Spring is here! Finally!
Flowers are blooming throughout Upper Milford Township. I see the crocuses and the daffodils with their beautiful colors, as well as the tulips making their way up out of the ground.
Another thing that marks the beginning of spring is dandelion. Okay, stop the moaning and groaning!! You are all picturing those little yellow flowers that turn into gray fuzzies kids love to blow into the air. Right?!
But remember, Upper Milford is in Pennsylvania Dutch country. And here we eat the green leaves (before the flowers arrive on the plant) in a salad.
I heard that – yyyuck!!
Actually, if made right, it is quite tasty.
The day before you would like to eat this dish, you’ll need to do some work, however. A sharp knife and a bowl are required. Then, simply walk throughout your yard (be sure no chemicals have been sprayed on the grass) and look closely for the dandelion. (Without the flowers blooming, they are sometimes hard to spot). When you find one, dig the plant out and put it into your bowl. It is very important to only the use young, tender plants. Older plants with the buds on tend to be bitter.
After you have the desired amount of dandelion, it is time to wash it. I just dump it into my dishpan and cover it with cold water. You’ll need to remove the pieces of grass and dirt, and cut off the roots from the plants, then place it into another bowl. Cover the dandelion with water and rinse again. This may have to be done several times to get the dirt out. Refrigerate the dandelion until ready to use it.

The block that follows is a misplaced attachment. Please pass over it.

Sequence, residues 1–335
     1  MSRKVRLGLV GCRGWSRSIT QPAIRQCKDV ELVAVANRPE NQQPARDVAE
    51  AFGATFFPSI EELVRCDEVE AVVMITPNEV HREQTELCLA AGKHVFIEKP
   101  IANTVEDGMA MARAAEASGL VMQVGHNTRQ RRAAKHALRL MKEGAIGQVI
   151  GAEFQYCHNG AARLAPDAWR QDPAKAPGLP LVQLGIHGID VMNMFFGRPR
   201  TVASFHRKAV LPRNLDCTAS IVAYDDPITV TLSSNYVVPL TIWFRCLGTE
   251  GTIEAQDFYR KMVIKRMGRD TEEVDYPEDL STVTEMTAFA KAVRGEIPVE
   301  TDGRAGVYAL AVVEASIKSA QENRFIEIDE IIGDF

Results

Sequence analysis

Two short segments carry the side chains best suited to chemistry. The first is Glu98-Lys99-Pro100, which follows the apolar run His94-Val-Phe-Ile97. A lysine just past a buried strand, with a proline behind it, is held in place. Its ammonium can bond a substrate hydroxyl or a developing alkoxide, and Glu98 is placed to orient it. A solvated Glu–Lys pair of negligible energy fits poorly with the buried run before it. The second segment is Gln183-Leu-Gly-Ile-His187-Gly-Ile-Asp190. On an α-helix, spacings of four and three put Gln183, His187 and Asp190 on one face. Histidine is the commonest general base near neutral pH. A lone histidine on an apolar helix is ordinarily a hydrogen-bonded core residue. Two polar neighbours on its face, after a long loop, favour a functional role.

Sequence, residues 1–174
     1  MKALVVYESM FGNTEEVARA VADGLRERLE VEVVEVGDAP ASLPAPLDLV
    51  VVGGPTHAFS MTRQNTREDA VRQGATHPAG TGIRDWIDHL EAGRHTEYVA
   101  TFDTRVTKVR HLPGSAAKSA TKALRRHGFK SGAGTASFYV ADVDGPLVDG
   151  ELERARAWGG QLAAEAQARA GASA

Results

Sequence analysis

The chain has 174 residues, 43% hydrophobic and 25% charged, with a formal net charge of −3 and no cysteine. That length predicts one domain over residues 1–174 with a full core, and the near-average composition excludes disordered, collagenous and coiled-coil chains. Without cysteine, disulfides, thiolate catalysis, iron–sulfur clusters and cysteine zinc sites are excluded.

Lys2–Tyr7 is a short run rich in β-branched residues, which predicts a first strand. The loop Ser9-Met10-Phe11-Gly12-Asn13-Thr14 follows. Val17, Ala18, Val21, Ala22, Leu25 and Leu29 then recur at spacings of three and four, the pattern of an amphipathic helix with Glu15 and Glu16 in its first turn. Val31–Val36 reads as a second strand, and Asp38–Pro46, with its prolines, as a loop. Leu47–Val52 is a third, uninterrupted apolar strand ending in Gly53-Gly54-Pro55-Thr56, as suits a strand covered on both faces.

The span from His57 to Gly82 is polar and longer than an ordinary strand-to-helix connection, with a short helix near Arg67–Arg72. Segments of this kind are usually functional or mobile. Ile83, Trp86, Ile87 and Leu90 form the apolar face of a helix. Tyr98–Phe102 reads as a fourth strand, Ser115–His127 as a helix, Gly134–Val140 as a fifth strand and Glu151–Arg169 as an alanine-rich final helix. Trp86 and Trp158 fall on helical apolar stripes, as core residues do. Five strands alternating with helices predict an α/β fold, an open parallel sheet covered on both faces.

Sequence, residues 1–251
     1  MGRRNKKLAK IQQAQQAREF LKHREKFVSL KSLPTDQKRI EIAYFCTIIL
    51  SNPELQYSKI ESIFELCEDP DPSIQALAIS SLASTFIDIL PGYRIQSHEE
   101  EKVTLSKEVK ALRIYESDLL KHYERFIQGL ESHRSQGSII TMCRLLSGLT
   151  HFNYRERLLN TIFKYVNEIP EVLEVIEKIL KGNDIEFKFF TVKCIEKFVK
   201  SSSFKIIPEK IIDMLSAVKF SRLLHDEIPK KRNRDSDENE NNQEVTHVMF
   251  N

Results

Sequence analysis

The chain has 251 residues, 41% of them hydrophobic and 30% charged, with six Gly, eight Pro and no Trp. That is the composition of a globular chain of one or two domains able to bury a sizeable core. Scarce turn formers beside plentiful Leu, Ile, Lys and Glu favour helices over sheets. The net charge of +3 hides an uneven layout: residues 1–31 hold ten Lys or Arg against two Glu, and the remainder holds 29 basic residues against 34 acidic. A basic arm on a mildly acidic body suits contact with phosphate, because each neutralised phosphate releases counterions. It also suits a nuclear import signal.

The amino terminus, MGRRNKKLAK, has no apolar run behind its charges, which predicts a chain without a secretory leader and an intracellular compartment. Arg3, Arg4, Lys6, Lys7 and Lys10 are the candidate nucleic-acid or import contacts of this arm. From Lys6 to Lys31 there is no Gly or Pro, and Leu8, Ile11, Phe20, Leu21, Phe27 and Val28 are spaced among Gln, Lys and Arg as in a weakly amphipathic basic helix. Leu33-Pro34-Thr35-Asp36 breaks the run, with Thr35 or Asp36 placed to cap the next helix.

My grandmother, Alice Siegfried, who lived in Upper Milford before her death, would put some chopped onion and chopped hard cooked eggs in the dandelion salad, along with some fried bacon. (I remember us grandkids would always snitch the eggs and bacon when she wasn’t looking!)
Then, the salad was topped with freshly-made bacon dressing. Into the drippings from the fried bacon, she would add a raw egg, two tablespoons of both sugar and apple cider vinegar, one tablespoon of flour and 1 ½ cups of water. She would bring that to a boil, let it thicken, cool it a bit, then pour it over the salad for us to eat while still nice and warm.
I still follow her instructions and use her recipe for making the dandelion with hot bacon dressing.
Now most Pennylvania Dutch will tell you the “correct” way to eat it, is on top of either boiled potatoes or mashed potatoes, whatever your preference. It is a staple at most Easter dinners in the area, along with the ham and potato filling.
Du mooscht mul pissabet mit sidaschpeck bree schmocka, no datsch du falicht pissabet Gleicha. (Try some dandelion with bacon dressing, you might like it.)